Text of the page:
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Can German Shepherds Live In Apartments?

Can German Shepherds Live In Apartments?

If you want to get a German Shepherd but you live in an apartment, you may have wondered can German Shepherds live in apartments? 

This article will answer that question as well as look at the ways to help a GSD do well living in an apartment, in addition to the reasons why some German Shepherds won’t be able to live in an apartment.

Can German Shepherds Live In Apartments

Technically yes, German Shepherds can live in apartments, but not all German Shepherds will do well living in an apartment.  You need to look at your individual dog to determine if the apartment lifestyle will be suited for them.

How to Best Live with a German Shepherd in an Apartment

Although, it can be possible for a German Shepherd to live in an apartment, there are certain things you will need to do as an owner to make sure your GSD is a good tenant.  These things include the following:

Give your Dog Lots of Exercise

The first thing you need to do to live happily in an apartment with a German Shepherd is to give them plenty of exercise.  If you own a German Shepherd you know they have A LOT of energy.  A tired German Shepherd is a GSD that is less likely to drive you crazy or destroy the apartment.

A German Shepherd puppy is easier to tire out than an adult dog.  With a young puppy, you can go on a few short walks each day and have some indoor play sessions and they will be good. 

GSD running outside in spring

However, with teenage and adult German Shepherds they will need a more vigorous exercise regime to tire them out.  There are many ways to exercise your German Shepherd, from walking to running, to biking, to playing fetch

Find a few activities that your dog loves that will also tire them out in the process.  Then establish a daily exercise routine and be consistent for the best results.

Obedience Training

The next thing you should do is to make sure your German Shepherd knows at a minimum some basic obedience commands

There are formal obedience classes all around the country for dog training, and since German Shepherds are so smart, you can teach them many of the basic commands at home.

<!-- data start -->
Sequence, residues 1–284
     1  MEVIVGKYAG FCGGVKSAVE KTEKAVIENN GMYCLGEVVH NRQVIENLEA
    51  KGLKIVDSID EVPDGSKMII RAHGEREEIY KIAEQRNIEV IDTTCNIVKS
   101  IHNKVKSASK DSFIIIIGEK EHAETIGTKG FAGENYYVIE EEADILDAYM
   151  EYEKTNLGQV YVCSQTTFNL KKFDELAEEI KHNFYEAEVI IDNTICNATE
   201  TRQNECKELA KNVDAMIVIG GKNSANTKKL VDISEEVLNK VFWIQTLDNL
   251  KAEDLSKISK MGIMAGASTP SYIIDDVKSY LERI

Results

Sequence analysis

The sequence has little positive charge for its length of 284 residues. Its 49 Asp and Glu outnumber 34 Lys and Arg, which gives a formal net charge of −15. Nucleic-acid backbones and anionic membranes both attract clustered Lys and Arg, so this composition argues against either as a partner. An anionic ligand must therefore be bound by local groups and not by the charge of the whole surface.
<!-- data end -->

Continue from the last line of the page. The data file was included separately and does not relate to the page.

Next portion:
Making sure your German Shepherd is well trained is a must for apartment living because you will be around other people and other dogs.  In addition, sometimes apartments want to meet the dog before deciding to accept them (and you) as a tenant.

If you dog is bouncing off the walls, jumping on tables, and knocking people over, they will be less likely to let you rent on of their units.  However, if you dog can demonstrate that they know how to sit and be polite, they are more likely to approve of your dog living there.

Also, training is good for perception.  Some people are naturally more fearful of large breed dogs.  Thus, a large dog that is buck wild, will make some people nervous.  But if you have a large dog that is well mannered, most people will be less likely to complain to the landlord about your dog.

Crate training

Crate training can be a good tool to use in apartments, especially with a younger GSD, or a GSD that is a little mischievous.  The last thing you want is for your dog to destroy something in the apartment when you go out. 

Usually, as the tenant, you can lose your security deposit if there is damage to the unit you are renting.  Crate training can help prevent this from occurring.

If you are still in the process of training your dog, your dog may not be to the point where they can just be calm and not get into anything if leave them home alone. 

I recommend crate training from a young age because it not only protects the apartment, but it also protects your pup from getting into something dangerous and getting seriously injured while unsupervised. 

If you have an older German Shepherd that has already proven that they can be calm when they are home by themselves, then you don’t need to worry about crate training.

Find different ways to play indoors

Another thing you will need to do a little differently in an apartment is playing.  You don’t want your large dog jumping up and down to catch a ball when someone is living in a unit below you.  This will probably lead to complaints to the landlord.

More quiet ways of play are activities that require your dog to use more mental energy than physical energy.  Puzzle toys and mental exercises are great ways to keep German Shepherds entertained indoors but not cause a lot of ruckus.